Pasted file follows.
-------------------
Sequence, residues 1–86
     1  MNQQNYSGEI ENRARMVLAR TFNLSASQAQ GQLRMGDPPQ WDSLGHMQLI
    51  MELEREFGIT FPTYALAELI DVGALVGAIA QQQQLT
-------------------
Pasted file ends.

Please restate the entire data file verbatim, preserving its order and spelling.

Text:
Sequence, residues 1–86
     1  MNQQNYSGEI ENRARMVLAR TFNLSASQAQ GQLRMGDPPQ WDSLGHMQLI
    51  MELEREFGIT FPTYALAELI DVGALVGAIA QQQQLT